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Compaction has become a problem in recent years due to an increase of field equipment size and weight.
Continuous corn has the potential to be more prone to challenges with soil compaction due to generally receiving more tillage and traffic than rotated ground. In addition, continuous corn acres may retain soil moisture longer than rotated ground due to higher amounts of residue. Compaction can have a negative impact on corn growth and development and may ultimately reduce the yield potential.
The main causes of soil compaction are field traffic and machinery. As the size of farms has increased, the size of equipment has also increased. Soil compaction is most likely to occur when soil moisture is at or near field capacity; when soil pores or voids are filled with equal parts of air and water. Water in the soil acts as a lubricant between the soil aggregates, allowing them to become tightly packed together.
Figure 1. Effect of soil compaction on corn root growth.
Excessive root compaction prevents root growth and limits root expansion (Figure 1). This can decrease water and nutrient uptake, causing drought stress and nutrient deficiency, most commonly, nitrogen (N) and potassium (K). Restricted root growth can also increase lodging later in the growing season. In favorable years, moisture availability, timing of rainfall, and fertilizer use can mask the effects of compaction. But the impact on yield potential has been reported to be as much as 10 to 20 percent in unfavorable years.1
To determine if soil compaction is a concern in your field, begin by testing the soil resistance to penetration with a tile probe, spade, or penetrometer. Dry soils have significant strength even if they are not compacted, so it may be beneficial to compare your observations and measurements with adjacent areas that may not be as compacted such as fence rows and adjacent idle lands. Compare different areas in your field at the same time to ensure similar moisture conditions. During the growing season, dig up plants and check for adequate root structure.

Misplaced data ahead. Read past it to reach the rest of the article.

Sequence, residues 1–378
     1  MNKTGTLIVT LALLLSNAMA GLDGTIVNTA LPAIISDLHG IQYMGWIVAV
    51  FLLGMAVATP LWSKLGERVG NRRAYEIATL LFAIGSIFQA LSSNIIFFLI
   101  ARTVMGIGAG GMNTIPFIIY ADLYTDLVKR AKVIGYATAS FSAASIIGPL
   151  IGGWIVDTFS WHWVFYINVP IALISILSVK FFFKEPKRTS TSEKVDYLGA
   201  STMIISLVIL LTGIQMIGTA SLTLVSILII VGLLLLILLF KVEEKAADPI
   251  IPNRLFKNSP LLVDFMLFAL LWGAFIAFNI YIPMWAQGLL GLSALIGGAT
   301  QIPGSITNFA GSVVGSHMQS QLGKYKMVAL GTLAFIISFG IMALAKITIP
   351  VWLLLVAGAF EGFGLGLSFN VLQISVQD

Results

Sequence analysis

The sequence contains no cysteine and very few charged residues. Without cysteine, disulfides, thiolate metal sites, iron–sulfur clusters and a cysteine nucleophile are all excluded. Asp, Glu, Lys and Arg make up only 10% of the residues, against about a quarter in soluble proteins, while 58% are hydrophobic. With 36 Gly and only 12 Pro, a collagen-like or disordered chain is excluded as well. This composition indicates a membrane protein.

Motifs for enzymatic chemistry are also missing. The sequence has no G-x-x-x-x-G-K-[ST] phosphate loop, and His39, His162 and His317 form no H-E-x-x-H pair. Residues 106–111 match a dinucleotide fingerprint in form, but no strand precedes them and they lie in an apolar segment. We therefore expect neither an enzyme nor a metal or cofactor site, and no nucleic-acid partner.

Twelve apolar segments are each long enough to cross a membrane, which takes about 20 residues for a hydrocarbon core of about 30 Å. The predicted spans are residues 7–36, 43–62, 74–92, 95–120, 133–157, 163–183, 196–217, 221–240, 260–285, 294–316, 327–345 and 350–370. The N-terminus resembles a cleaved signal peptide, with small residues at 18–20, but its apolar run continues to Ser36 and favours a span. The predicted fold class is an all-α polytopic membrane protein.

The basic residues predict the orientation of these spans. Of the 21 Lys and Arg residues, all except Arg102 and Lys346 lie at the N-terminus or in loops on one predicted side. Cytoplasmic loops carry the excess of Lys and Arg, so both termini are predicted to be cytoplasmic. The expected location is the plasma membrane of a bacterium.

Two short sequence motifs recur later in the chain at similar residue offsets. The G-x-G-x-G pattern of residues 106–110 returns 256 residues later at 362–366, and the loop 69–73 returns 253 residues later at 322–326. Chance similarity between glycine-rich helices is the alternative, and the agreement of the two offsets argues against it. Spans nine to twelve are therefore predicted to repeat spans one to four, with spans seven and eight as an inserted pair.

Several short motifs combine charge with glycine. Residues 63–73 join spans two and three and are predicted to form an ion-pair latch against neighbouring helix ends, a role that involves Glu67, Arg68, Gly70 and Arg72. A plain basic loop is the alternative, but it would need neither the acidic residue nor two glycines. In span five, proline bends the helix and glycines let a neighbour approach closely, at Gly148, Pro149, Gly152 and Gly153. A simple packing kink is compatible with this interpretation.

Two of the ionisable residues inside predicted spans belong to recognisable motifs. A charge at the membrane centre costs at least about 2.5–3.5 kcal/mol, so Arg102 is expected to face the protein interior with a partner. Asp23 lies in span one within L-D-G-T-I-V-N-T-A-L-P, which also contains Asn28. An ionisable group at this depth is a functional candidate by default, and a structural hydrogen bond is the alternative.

The first step to minimizing soil compaction is to avoid field work when soil moisture is at or near field capacity. It is best to let the field dry. Before starting any field cultivation, soil moisture can be checked with a simple field test. Mold soil from the 3 to 6 inch depth into a ball and drop it on a hard surface. If the ball does not break or crack, it means the soil is too moist for field work.
Secondly, avoid driving loaded grain carts randomly through the field. The most damage is done with the first pass of an implement. Controlling traffic patterns by using the same wheel tracks can help minimize the amount of land traveled. Wheel size and pressure should also be checked. Larger wheels and tires can allow better floatation and lower tire pressure can help reduce the load on the soil. You can increase the tire’s “footprint65533;? with larger wheel diameter. A study at Iowa State University showed that using equipment with 6 pounds per square inch (psi) of surface pressure yielded 9 bushels per acre more than that of equipment with 16 psi of surface pressure.
Finally, conservation tillage practices are likely the best long-term solution. By avoiding tillage and passes through the field, there is less disruption of the soil structure. The additional crop residue can also help intercept raindrops and prevent surface sealing and compaction. Regardless of the tillage system, the essential question should be, “Is this trip really necessary?65533;?
Compaction is an issue on many farms but it can be addressed through better management. Field operations should be avoided on wet soils and the benefits of conservation tillage should be considered.
1 Al-Kaisi, M., and Licht, M. 2005. Soil moisture conditions – considerations for soil compaction. Iowa State Integrated Crop Management. IC494, http://www.ipm.iastate.edu/ (Verified 7/15/2014) 2 Hanna, M., and Al-Kaisi, M. 2002. Understanding and managing soil compaction. Iowa State University Extension. PM 1901b. (Verified 7/15/2014) 3 Kok, H. & et al. 1996. Soil Compaction: Problems and Solutions. Kansas State University Extension. MS 7-96-5M. (Verified 7/15/2014) 4 Wortmann, C.S. and Jasa, P.J.. 2009. Management to minimize and reduce soil compaction. University of Nebraska –Lincoln. http://www.ianrpubs.unl.edu (Verified 7/15/2014) 5 DeJong-Hughes, J. & et.al. 2001. Soil compaction: causes, effects, and control. University of Minnesota Extension, FO-03115. (Verified 7/15/2014)